Over the past week, there have been numerous troubling news stories focused on strained relations between the new administration and the media: numerous false statements made by President Trump and/or his staff to the press, gag orders issued to several government agencies (EPA, NPS, Ag), and perhaps the most chilling story—chief White House strategist Stephen K. Bannon’s statements labeling the media as “the opposition party.”
How does the First Amendment support the media as part of our democracy?
According to Cornell University Law School’s Legal Information Institute:
“Several Court holdings do firmly point to the conclusion that the press clause does not confer on the press the power to compel government to furnish information or to give the press access to information that the public generally does not have.34 Nor in many respects is the press entitled to treatment different in kind than the treatment any other member of the public may be subjected to.35 “Generally applicable laws do not offend the First Amendment simply because their enforcement against the press has incidental effects.”36 Yet, it does seem clear that to some extent the press, because of the role it plays in keeping the public informed and in the dissemination of news and information, is entitled to particular if not special deference that others are not similarly entitled to, that its role constitutionally entitles it to governmental “sensitivity,” to use Justice Stewart’s word.37 What difference such[p.1028]a recognized “sensitivity” might make in deciding cases is difficult to say.”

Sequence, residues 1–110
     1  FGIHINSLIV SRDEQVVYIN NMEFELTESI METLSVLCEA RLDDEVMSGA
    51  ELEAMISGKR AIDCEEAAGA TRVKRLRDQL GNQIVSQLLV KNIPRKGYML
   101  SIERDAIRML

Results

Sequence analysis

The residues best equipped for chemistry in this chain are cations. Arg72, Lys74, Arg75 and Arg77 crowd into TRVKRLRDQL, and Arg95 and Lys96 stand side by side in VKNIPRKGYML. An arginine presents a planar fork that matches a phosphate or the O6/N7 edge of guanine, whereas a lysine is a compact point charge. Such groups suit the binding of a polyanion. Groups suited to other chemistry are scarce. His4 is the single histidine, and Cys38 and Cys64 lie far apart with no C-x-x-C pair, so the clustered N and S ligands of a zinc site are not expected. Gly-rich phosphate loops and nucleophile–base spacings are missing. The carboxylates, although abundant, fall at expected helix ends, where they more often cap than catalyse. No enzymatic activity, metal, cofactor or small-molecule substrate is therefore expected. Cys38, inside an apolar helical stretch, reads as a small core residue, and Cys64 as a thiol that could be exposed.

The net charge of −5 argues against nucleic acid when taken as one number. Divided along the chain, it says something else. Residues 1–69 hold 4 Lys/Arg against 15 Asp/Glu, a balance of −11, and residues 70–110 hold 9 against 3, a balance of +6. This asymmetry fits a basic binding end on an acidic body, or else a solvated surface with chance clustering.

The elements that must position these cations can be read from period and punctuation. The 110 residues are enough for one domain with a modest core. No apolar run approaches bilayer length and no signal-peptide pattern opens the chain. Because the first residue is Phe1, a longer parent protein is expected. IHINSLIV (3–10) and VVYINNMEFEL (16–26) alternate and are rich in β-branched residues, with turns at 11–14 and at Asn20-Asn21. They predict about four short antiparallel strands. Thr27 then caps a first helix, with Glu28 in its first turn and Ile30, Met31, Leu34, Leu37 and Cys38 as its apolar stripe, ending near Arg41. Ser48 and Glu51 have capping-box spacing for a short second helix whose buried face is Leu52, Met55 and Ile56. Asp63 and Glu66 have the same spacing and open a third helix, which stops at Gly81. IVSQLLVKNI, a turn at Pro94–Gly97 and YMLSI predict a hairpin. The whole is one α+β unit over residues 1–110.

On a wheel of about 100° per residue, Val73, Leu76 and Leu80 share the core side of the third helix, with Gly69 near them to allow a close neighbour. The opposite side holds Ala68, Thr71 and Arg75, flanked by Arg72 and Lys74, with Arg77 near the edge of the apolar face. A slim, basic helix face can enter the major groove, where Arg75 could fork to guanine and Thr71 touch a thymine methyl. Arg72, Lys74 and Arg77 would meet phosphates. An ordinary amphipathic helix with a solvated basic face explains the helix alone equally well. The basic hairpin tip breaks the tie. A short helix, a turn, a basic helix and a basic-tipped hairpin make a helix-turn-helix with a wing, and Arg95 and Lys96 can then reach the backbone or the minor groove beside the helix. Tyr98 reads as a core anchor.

There have been three landmark Supreme Court cases that have upheld the media’s right to disseminate information including The New York Times v. United States in 1971 which allowed the publication of the Pentagon Papers.
Our President would have us believe that the term “main stream media” (which some far-right websites refer to as MSM) is derogatory. Many credible news sources cite the President making this reference when he is actually trying to discredit their reports, is upset with their coverage, and/or is threatening them.
When he says he’s “declaring war on the media,” what kind of power does he really have? According to an article in Newsweek, the Constitution and Supreme Court rulings will ensure the media’s role continues in our democracy. However, with a vacancy and two elderly members on the Supreme Court, some experts are worried. According to the article:
“What now is frightening—for a free press and other freedoms we hold dear—is that the president is positioned to create a court that can interpret the Constitution in ways that undermine our liberty—even those that we thought to be inviolable,” writes Hatcher. (Andrea Hatcher, associate professor and chair of the department of politics at the University of the South)